Norsk Tipping Sees Revenues Rise Ahead


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Norsk Tipping said it expects the roll-out of video-lottery terminals across Norway to generate further growth over 2009 after annual figures showed the monopoly gaming operator hit record revenues for last year.

By  James Kilsby – GamblingCompliance Ltd.

Norsk Tipping said it saw record annual turnover from its state-controlled lottery and gaming products last year as annual sales for 2008 hit NOK10.6bn (€1.22bn), up a modest 1.8 percent from NOK10.4bn (€1.2bn) the year previously. The figures meant nearly NOK3.66bn (€433m) would be paid out to Norwegian sports, cultural and charitable organisations this year, Norsk Tipping said.

The gaming operator attributed the modest increase to the introduction of online Keno games in November 2007, but suggested that further new products could be introduced in the near future. “We are still seeing that there is a reduction in participation in the traditional numbers games,” said Norsk Tipping chief executive Torbjorn Almlid. “If we are to fulfill our mission of convincing players to choose safe and responsible games, we need to renew ourselves and become more attractive. This is where the company will focus its efforts in the time ahead,” he added.

A spokesman for the company told GamblingCompliance that further growth could be expected this year due to the roll-out of new video-lottery terminals (VLTs) across the country in January of 2009.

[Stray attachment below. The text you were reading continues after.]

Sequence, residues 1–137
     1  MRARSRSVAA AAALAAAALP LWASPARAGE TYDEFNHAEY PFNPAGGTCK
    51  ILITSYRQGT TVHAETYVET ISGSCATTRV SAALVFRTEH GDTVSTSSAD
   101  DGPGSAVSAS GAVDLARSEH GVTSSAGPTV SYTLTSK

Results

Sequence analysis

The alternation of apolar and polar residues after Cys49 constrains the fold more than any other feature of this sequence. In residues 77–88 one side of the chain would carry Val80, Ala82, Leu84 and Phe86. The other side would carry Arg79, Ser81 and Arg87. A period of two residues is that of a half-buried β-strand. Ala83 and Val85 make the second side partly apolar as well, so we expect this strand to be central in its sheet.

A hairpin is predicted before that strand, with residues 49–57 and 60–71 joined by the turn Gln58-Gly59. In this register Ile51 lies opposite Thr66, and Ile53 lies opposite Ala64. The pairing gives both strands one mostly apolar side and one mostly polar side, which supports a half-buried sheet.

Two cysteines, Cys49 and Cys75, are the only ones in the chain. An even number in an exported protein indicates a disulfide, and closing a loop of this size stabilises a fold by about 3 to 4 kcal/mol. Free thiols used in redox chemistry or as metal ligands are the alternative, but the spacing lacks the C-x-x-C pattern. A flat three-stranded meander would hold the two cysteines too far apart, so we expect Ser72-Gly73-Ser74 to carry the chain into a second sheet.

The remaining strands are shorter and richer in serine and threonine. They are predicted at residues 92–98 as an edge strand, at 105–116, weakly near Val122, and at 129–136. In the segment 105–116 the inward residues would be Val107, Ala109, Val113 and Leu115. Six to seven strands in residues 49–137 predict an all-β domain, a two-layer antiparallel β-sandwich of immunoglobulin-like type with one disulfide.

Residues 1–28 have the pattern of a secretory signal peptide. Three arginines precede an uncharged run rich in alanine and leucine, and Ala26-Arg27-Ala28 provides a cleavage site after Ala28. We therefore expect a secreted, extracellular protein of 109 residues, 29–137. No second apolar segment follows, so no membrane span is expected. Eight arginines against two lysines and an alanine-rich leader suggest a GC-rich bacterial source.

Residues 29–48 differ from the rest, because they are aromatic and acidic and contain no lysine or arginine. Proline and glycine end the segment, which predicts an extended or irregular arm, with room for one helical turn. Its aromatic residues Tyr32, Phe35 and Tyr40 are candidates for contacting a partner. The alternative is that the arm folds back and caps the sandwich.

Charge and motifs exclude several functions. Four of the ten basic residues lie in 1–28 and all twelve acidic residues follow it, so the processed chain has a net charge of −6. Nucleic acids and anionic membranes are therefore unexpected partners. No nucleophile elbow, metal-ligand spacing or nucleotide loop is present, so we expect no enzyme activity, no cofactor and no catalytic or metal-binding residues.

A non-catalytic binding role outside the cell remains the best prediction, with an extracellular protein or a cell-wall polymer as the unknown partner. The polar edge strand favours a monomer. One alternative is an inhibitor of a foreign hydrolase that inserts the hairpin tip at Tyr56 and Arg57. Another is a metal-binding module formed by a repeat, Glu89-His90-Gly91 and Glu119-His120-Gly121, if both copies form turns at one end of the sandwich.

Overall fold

The Norwegian government elected to bring all gaming machines in Norway under Norsk Tipping’s control back in 2003. Following a protracted legal battle fought between the government and incumbent private operators in the machine sector through Norwegian and European courts, Norsk Tipping was last year successfully able to complete a pilot scheme for its VLT operation. The limited number of machines in operation in 2008 saw turnover of just NOK12m (€1.4m), the spokesman said, but the company now expects to install up to 4,000 VLTs throughout Norway by the end of this year.

The Norwegian government justified the slot machine monopoly on the grounds of tackling gambling addiction in the country. Personal smartcards are required to use the new Norsk Tipping VLTs, which are also subject to government-set time and stake limits.

“We performed tests during the pilot period and were quite satisfied,” the spokesman said. “The limits that have been set for the machines work quite well and only a very small percentage of players chose to set their own limits below that, which we determine to mean that those default limits set by ourselves and the government are appropriate.”

He added: “Traditional games like Lotto are falling a bit, so we want to focus on new technologies such as these video gaming machines and also the internet.” The spokesman said that Norsk Tipping’s revenue performance could also be lifted this year by the implementation of a payments ban for foreign internet gambling websites, draft regulations for which were published for consultation by the Norwegian government earlier this month.

All of Norsk Tipping’s lottery games, including Keno, are playable by mobile phone and the internet at present, but would not be subject to the payments restrictions, the spokesman explained. “As we’re government-owned we could benefit from [the payments ban], but it is also up to us to make sure our games are attractive. If not, we would not be doing our job.”

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